Missing trader fraud
Jan Garioch CA discusses the case Alan McCord (T/A Hi-Octane) v HMRC UT/2019/0042(V) where the Upper Tribunal (UT) heard HMRC’s appeal against the FTT decision which did not support their denial of input VAT recovery.
In this missing trader fraud case of HMRC v Alan McCord (T/A Hi-Octane Imports) UT/2019/0042(V) it was common ground from the outset of this dispute that the four requirements to allow HMRC to deny credit for input VAT are:
- a loss of VAT
- resulting from fraudulent evasion
- Hi-Octane’s purchase of vehicles must be connected with that fraudulent evasion, and
- Hi-Octane needed to know or have the means of knowing that its purchases were connected with fraud.
The FTT’s decision, which was the subject of this appeal, was that these conditions were not satisfied in some of the transactions put before them by HMRC.
The FTT had denied HMRC the right to withhold input VAT recovery in certain transactions where the seller had not submitted any VAT return. The FTT decided it could not be shown for those deals that any VAT charged to the appellant was inevitably going to be both due and unpaid because the seller might have been a “buffer” in the missing trader scheme. A “buffer” is a trader buying and selling for a small profit who is inserted between a defaulting trader and a subsequent exporter who reclaims VAT. Only a small amount of VAT would be due from a “buffer.”
The Grounds of Appeal
HMRC challenged the FTT decision on the grounds that in Hi-Octane’s skeleton argument to the FTT, it had effectively conceded that the parties from which it made purchases were responsible for fraudulent loss of VAT. Consequently, HMRC argued that the FTT was not entitled to make a contrary finding. It was unfair for the FTT to deny HMRC the opportunity to address that issue, which it would have done if the FTT had indicated it was thinking of disregarding what Hi-Octane conceded in its skeleton argument. Hi-Octane’s counter argument was that there was nothing wrong in the FTT approach, since it had the duty to find relevant facts and HMRC had the burden of proof for all parts of its case.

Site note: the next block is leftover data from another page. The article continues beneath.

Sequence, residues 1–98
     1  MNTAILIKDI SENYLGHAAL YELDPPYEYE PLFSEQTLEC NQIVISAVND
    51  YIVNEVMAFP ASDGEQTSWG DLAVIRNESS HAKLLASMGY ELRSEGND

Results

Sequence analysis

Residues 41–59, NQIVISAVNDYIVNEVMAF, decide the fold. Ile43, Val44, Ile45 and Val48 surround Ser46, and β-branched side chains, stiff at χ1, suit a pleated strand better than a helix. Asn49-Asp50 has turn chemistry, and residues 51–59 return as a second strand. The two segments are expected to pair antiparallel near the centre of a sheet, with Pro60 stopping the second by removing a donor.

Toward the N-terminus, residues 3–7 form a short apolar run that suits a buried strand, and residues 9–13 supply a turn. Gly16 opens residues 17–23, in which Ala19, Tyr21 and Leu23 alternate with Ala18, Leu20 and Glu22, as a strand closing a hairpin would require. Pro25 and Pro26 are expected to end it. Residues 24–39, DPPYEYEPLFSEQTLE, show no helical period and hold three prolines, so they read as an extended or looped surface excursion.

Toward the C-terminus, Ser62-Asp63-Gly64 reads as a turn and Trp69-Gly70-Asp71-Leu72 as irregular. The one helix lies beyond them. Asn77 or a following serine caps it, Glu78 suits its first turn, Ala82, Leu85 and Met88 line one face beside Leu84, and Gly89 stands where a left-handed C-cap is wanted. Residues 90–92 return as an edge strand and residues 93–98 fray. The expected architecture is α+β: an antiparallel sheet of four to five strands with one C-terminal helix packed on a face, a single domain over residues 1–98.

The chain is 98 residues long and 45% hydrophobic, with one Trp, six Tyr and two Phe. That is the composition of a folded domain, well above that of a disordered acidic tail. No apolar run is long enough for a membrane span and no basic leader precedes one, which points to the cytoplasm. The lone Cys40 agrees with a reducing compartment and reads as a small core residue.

Crucial concessions by Hi-Octane
The UT found that in preparation for the FTT hearing, Hi-Octane was required to confirm whether it agreed the accuracy of HMRC’s “deal sheets.” These set out HMRC’s understanding of the fraudulent VAT loss in all of the transactions covered by the appeal. Hi-Octane stated in its skeleton argument that it “does not take any umbrage with the suggestion of a tax loss or indeed the deal chains referred”. Later in its skeleton argument, it “concedes that the tax losses as set out by the Respondent occurred, as stated by them”.
The UT’s decision
The UT came down emphatically in favour of HMRC. It found that nothing before or during the FTT hearing suggested to HMRC that they needed to explain their case on why tests 1 to 3 above (i.e., that there was a loss of VAT resulting from fraudulent evasion that was connected to Hi-Octane’s purchases of vehicles) were satisfied. HMRC considered that Hi-Octane had conceded the point and the FTT did not indicate it had reservations to be allayed. It was not until HMRC opened the decision on the case that HMRC would have been aware that they had lost on an aspect of the case which they would have had no reason to suspect was even in dispute. In strong wording the UT says, “The word ‘ambush’ is sometimes overused in litigation. We do not consider it an overstatement to say that in these proceedings regrettably HMRC were ambushed, not by their opponent, but by the FTT itself”.
Since the FTT was wrong in law to even consider whether tests 1 to 3 were satisfied, when they had been conceded, the FTT’s decision was set aside.
The UT did not refer back for reconsideration but decided to remake the decision. Since the FTT itself had concluded that the deals in question were “obviously contrived and too good to be true”, it should have denied input VAT recovery if it had correctly regarded tests 1 to 3 as satisfied. Therefore, the UT remade the decision to deny input VAT recovery to Hi-Octane.